Surrounded by water and mountains, Canada’s third largest city, Vancouver, is so beautiful you’ll definitely want to stay a few nights before or after your cruise holiday, says Liz Jarvis.

Snowy Vancouver skyline

From its snow-capped mountain backdrop to the green oasis of Stanley Park, Vancouver is simply breathtaking. And sailing away under Lions Gate Bridge towards Alaska at sunset is an unforgettable experience. For anyone who loves the great outdoors, this is the perfect city for you. 

First settled by the indigenous peoples of the Pacific Northwest Coast, the Vancouver area was explored by Europeans including British naval Captain George Vancouver in the late 18th century. In 1867, during the gold rush, a former river pilot, John ‘Gassy Jack’ Deighton, spotted the opportunity to make money from miners on their way to the Yukon. He built a saloon that was quickly surrounded by shacks, and from there Gastown was born. In 1870, Granville, the town that would become Vancouver, was officially laid out.

Today, with its open spaces, spectacular scenery and cultural diversity, Vancouver is considered to be one of the best cities in the world for quality of living.

Must-sees

Cherry blossoms in Vancouver

There aren’t many ports where you can cruise right into and out of the city, and what makes Vancouver particularly special is its magnificent mountain backdrop. Stroll along the waterfront, past the 65-foot tall statue known as The Drop, and sit for a while watching the little seaplanes taking off and landing. 

Stanley Park is where you’ll find First Nations’ Totem Poles, and it’s also home to performing arts, dining and a public market offering fresh food and artisan crafts.

Another attraction is the Grouse Mountain Skyride, which takes you high above majestic Douglas firs on a one-mile aerial journey to the Alpine Station, 3,700 feet above sea level.

Built in 1889, the softly swaying Capilano Suspension Bridge hangs 230 feet above Capilano River and is 450 feet long. After crossing, guests can explore the Treetops Adventure (a series of seven suspension bridges erected high in the trees) and Cliffwalk, a hair-raising cliffside journey that takes visitors on a connected series of suspended walkways jutting out from a granite cliff face rising above the Capilano River.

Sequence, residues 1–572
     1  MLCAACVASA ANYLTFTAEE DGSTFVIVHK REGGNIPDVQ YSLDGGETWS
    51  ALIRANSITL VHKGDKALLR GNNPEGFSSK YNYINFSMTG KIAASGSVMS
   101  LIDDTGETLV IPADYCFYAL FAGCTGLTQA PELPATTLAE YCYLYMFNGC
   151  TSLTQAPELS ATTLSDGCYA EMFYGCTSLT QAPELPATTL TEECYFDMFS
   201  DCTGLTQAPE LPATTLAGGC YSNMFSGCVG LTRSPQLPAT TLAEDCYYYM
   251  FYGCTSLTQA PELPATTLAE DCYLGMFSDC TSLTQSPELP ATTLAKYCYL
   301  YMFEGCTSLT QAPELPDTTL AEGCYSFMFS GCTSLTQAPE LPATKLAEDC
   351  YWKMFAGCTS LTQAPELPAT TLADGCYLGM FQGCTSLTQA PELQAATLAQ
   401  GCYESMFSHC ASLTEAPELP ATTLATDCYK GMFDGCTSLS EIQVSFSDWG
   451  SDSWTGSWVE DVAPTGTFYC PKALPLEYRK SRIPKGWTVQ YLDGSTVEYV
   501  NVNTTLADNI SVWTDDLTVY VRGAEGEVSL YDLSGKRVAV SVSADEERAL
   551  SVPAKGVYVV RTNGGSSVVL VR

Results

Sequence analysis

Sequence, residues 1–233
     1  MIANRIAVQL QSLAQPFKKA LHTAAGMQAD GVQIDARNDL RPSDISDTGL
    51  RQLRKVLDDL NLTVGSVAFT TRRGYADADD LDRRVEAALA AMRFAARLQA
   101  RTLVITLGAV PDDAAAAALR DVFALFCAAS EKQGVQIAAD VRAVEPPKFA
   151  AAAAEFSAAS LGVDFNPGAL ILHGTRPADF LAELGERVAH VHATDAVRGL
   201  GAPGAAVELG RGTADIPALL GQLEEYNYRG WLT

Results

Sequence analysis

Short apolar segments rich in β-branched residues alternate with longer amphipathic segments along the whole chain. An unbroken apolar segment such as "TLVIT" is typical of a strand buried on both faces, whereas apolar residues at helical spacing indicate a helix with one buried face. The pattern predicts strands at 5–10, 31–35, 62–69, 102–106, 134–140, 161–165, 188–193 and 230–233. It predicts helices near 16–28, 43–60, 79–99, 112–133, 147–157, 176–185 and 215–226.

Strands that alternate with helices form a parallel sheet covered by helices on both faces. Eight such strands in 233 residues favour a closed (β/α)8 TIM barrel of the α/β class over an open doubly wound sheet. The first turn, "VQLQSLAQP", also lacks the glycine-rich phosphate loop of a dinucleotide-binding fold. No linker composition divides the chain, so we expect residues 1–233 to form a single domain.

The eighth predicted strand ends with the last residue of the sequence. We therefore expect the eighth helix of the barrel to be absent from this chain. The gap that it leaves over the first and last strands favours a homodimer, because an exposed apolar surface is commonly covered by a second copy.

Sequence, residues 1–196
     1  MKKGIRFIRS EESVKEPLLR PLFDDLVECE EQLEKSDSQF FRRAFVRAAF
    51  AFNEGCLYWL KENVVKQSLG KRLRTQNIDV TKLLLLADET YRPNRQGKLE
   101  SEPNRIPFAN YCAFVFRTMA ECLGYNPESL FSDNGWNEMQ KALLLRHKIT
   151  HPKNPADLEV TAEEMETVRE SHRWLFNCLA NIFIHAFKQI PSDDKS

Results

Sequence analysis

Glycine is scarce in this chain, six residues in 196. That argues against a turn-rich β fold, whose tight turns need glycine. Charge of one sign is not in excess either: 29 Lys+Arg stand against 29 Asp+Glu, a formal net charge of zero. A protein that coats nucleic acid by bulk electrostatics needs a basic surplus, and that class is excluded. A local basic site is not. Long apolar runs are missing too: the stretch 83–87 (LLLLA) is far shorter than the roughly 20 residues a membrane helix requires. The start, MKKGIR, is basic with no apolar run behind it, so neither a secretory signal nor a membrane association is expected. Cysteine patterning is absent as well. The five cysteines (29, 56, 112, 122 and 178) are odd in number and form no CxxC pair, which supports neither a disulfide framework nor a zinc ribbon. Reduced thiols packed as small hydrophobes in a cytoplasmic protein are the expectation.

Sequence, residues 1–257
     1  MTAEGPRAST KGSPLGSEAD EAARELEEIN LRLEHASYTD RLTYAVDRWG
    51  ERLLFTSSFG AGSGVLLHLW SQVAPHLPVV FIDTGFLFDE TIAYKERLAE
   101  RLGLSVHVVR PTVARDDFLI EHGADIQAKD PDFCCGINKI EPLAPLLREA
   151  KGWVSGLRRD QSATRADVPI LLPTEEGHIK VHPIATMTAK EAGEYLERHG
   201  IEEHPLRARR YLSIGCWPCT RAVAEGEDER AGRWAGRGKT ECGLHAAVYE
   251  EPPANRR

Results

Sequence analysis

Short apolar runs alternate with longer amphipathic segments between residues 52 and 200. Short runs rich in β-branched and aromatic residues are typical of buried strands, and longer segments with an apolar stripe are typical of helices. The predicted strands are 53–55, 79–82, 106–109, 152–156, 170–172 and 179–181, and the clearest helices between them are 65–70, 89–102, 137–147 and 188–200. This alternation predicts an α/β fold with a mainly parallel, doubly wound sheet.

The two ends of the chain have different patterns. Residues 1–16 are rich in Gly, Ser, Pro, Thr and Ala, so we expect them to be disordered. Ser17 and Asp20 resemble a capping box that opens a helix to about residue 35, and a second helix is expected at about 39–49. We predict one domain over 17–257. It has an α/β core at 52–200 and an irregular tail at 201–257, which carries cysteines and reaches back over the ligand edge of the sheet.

Eating

flame-grilled sushi in Miku Restaurant in Vancouver

Vancouver’s superb gastronomic scene has Asian and Pacific Northwestern influences, and there’s a strong emphasis on local produce, so fish and seafood feature heavily. Coquille, in the heart of the historic Gastown District, serves an inventive menu of freshly caught seafood and shellfish dishes, as well as wines from British Columbia (coquillefineseafood.com).

For dinner with a view of the harbour, the Japanese restaurant Miku (mikurestaurant.com) is excellent, offering delicacies such as its signature Aburi (flame-seared) sushi to tanatalising meats tenderised by Sumiyaki grilling, and all organic, local ingredients, paired with fine wines and sake.

Shopping

Steam Clock in Vancouver

It may have started off as a saloon bar and shanty town, but today Gastown is one of the coolest neighbourhoods in Vancouver, with boutiques galore, as well as its famous steam clock, which plays music every 15 minutes (it looks Victorian but was made in 1977). Granville Island, reached by mini-tugboat ferry, has a fabulous market, plus artisan studios with everything from glass-blowing to pottery. Robson and Granville Street are where you’ll find most of the big US names, including Nordstrom. 

Where to stay

Fairmount Hotel in Vancouver

Known as the ‘castle in the city’, the iconic Fairmont Hotel Vancouver is incredibly glamorous, and boasts a brilliant location just a few steps from attractions including Robson Street and Granville Island. Completed in 1939, the historic building has a Chateauesque-style copper pitched roof, though the interiors are decidedly contemporary. 

Notch8 Restaurant & Bar, located in the hotel’s lobby, offers nature-inspired Canadian cuisine (the smoked tuna benedict is not to be missed). 

The spacious rooms are elegantly appointed, furnished in soothing tones of gold, cream and bronze, with covetable Le Labo Rose 31 amenities in the bathroom (rooms from £314 a night (fairmont.com/hotel-vancouver). You can find out more about exploring Vancouver at tourismvancouver.com.

For inspiration on starting or ending a cruise in Vancouver, read our Princess Cruises Alaska review.

Alternatively, discover your perfect holiday with our cruise finder.